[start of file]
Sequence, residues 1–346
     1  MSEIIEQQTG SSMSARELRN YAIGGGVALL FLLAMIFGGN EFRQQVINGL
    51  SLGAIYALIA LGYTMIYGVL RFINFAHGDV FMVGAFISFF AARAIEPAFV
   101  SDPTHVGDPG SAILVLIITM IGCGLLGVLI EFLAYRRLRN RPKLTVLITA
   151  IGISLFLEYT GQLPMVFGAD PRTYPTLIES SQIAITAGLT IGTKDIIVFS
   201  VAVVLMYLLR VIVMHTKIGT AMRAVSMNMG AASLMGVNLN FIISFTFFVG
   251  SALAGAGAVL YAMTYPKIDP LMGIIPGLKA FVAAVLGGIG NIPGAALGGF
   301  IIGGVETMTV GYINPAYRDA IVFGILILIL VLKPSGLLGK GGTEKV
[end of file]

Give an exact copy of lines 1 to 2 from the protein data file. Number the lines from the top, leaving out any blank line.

Sequence, residues 1–346
     1  MSEIIEQQTG SSMSARELRN YAIGGGVALL FLLAMIFGGN EFRQQVINGL